Effective management of knowledge assets is key to surviving in today’s competitive
business environment. This is particularly true for large organisations, where employees
have difficulties identifying where or with whom the knowledge lies. Expertise is one of
the most important knowledge assets and largely resides in the heads of employees.
Many attempts have been made to help locate employees with the right expertise;
however, the existing systems (often referred to as expertise finding systems) carry
several flaws. In organisations, there are several potential sources where expertise
evidence might be found. These sources have been used by the existing approaches to
profile employees’ expertise. Unfortunately, there has been limited research showing
whether these sources contain useful evidence of expertise. Moreover, the majority of
existing approaches have not been designed to integrate with the organisations’ work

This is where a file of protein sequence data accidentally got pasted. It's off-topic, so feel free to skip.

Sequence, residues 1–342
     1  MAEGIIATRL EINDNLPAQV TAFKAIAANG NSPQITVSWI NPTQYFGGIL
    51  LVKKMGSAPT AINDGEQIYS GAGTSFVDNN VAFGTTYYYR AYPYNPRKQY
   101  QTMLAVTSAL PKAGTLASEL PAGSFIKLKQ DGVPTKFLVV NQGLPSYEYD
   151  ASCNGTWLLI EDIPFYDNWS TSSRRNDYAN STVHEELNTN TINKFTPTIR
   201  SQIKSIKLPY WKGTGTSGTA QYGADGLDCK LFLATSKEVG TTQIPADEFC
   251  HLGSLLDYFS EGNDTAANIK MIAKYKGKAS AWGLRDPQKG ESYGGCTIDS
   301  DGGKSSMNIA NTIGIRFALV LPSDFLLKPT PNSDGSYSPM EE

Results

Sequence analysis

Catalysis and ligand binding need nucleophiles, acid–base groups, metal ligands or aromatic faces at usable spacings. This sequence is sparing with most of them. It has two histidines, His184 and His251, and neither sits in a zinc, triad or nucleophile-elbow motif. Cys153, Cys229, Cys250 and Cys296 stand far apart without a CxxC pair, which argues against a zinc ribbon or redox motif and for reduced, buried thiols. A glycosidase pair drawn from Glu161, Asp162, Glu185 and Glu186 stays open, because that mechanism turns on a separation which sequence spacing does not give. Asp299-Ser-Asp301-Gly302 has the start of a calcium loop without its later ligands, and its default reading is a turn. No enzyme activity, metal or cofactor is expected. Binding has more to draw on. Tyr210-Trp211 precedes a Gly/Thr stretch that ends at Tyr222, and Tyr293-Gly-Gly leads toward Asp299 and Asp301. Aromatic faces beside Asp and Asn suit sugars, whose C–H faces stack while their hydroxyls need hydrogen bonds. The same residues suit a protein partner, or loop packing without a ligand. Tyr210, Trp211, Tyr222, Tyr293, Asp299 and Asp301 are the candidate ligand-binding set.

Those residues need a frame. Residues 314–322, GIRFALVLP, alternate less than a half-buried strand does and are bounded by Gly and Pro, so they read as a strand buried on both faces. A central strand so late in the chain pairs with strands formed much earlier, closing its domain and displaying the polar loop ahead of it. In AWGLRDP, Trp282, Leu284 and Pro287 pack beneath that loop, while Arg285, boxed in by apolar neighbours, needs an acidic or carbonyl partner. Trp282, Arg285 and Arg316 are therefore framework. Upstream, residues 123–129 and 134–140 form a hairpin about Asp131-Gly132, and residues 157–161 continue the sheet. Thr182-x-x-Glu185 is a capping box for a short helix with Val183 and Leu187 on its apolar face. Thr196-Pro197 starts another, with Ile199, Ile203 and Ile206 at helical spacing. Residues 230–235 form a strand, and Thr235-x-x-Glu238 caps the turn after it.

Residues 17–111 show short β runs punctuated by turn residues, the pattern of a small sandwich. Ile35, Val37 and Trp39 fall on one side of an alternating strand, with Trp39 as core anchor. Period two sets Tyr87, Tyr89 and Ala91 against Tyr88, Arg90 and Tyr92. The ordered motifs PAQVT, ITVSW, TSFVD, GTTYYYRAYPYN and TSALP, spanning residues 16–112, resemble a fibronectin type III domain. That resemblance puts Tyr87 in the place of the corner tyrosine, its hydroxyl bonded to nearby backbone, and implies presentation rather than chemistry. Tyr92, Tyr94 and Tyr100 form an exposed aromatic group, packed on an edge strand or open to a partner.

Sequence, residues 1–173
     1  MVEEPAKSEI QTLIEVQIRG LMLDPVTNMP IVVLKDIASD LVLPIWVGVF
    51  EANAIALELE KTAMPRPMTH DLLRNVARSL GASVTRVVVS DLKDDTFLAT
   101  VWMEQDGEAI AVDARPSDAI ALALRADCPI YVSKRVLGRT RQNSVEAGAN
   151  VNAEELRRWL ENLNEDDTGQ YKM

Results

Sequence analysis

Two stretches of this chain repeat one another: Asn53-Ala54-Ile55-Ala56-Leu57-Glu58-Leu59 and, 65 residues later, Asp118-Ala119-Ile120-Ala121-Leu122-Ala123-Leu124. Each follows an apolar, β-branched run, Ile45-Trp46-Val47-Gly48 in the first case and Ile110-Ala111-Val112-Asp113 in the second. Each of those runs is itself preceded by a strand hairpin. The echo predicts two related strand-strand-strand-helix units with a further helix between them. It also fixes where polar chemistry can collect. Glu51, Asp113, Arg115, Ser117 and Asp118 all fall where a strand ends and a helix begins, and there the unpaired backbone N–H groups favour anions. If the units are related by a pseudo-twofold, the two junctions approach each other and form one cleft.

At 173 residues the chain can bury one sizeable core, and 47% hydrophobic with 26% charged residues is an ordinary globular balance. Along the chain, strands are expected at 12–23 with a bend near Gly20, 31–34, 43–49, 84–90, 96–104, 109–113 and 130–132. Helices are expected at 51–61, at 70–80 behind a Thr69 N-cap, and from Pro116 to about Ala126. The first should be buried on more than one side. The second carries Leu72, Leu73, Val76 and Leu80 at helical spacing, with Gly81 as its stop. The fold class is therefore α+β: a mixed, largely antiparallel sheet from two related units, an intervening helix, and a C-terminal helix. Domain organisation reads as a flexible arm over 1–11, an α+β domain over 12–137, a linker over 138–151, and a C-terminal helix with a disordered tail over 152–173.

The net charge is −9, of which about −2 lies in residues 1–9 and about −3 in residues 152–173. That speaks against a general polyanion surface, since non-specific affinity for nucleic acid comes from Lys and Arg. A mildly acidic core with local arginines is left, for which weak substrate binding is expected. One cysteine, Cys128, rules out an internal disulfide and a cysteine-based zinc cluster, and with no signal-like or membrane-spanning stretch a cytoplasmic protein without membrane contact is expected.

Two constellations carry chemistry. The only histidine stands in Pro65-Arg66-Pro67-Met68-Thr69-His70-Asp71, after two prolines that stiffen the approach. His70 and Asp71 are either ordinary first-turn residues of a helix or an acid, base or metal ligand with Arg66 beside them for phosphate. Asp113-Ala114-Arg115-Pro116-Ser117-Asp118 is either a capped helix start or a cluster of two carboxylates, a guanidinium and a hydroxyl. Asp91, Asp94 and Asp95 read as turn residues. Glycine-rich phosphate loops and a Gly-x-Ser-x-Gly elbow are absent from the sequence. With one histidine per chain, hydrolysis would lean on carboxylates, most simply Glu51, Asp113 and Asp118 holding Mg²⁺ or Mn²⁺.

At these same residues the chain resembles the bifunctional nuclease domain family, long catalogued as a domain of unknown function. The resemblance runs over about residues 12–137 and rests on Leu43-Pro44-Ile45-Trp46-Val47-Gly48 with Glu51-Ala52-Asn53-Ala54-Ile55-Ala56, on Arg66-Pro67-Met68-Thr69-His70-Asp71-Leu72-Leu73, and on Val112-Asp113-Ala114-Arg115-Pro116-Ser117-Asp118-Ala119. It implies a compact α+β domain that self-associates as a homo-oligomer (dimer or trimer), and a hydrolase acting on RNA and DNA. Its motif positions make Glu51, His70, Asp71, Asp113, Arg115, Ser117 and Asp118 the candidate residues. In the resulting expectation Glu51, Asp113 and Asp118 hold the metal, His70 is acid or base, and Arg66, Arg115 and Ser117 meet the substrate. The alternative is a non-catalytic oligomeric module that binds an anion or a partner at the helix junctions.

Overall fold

practices; nor have they investigated the socio-ethical challenges associated with the
adoption of such systems. Therefore, there is a need for expert finding systems that
utilise useful sources of expertise and integrate into existing work practices. Through
industry involvement, this research has explored and validated email content as a source
for expertise profiling. This thesis provides an overview of the traditional and current
approaches to expertise finding. The development and implementation of the EKE (Email
Knowledge Extraction) system which tries to overcome the aforementioned challenges is
presented. EKE has been evaluated by end-users from both industry and academia. The
evaluation results suggest that EKE is a useful system that encourages participation, and
that in many cases may assist in the management of knowledge within organisations.
A dissertation thesis submitted in partial fulfilment of the requirements for the award of
the degree Doctor of Engineering (EngD), at Loughborough University.